Having withdrawn as maid of honor, Eloise is now exiled to "table 19" which, having assisted in the planning of the wedding, she's aware is the landing place of the people whose presence matters the least to the bride and groom. Joining her are Jerry and Bina (Craig Robinson and Lisa Kudrow), business associates of the groom's father who are having marital troubles, Jo (June Squib), the former nanny of the bride, Renzo (Tony Revolori), whose parents are acquaintances of the groom and who has been pushed into attending the wedding in the hope that it will get him past his social awkwardness, and Walter (Stephen Merchant), a cousin of the bride who is currently on parole after stealing $125k from the bride's father. Though everyone else at the table has their own drama, they all get swept up in Eloise's as she tries to avoid her ex-boyfriend, Teddy (Wyatt Russell), who keeps periodically dropping in on her to let her know that she shouldn't be there, and enjoys a bit of flirtation with a mysterious guest who tells her his name is Huck (Thomas Cocquerel), which seems unlikely and, in fact, is.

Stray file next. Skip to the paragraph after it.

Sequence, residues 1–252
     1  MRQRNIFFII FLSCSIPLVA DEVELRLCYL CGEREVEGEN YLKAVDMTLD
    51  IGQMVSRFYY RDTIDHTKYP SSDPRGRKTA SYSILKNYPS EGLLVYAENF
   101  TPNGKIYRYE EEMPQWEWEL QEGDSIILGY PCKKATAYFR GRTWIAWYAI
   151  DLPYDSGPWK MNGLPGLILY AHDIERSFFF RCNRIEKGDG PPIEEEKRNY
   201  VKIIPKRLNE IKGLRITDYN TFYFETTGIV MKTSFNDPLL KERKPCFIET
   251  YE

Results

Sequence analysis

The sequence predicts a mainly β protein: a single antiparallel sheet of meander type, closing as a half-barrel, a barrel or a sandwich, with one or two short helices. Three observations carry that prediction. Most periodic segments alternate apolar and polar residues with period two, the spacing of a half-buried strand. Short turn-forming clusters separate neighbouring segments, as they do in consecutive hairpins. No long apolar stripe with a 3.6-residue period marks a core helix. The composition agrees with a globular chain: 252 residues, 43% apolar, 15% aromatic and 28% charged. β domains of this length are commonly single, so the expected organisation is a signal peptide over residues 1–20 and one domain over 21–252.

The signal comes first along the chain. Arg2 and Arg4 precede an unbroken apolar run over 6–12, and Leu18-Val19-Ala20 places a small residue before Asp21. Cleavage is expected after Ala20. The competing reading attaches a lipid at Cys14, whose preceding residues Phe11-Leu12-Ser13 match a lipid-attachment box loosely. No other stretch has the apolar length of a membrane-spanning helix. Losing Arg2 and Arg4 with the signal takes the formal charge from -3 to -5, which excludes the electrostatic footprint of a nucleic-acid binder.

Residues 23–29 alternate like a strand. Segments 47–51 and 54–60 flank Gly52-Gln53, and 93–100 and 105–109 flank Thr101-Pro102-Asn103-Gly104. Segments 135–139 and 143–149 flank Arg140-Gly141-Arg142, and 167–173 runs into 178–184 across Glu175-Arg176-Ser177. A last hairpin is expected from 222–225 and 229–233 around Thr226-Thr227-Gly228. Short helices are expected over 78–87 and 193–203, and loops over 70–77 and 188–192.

The first half of Table 19 plays like a bare bones romantic comedy in which the heroine, struggling to get over the man who has discarded in an emotionally brutal way, meets a handsome and charming stranger who causes her to rethink what she ever saw in her ex in the first place, and who provides her with a happy ending. Everything about the first half points to this, from the way that Huck is depicted as the type of romantic comedy love interest who just "gets" the heroine and instinctively knows what she needs, to the way that Teddy is characterized as the absolute worst, not only for having dumped her and then proceeding to treat her like a pariah at the wedding (complete with his new girlfriend taking it upon herself to take Eloise aside while admonishing her not to "make a scene"), but also for having dumped her after learning that she's pregnant and then making a wedding toast in which he takes some thinly veiled jabs at Eloise for not being a sufficiently supportive partner before literally bringing his new girlfriend up on stage with him and making out with her. Seriously. Teddy is garbage.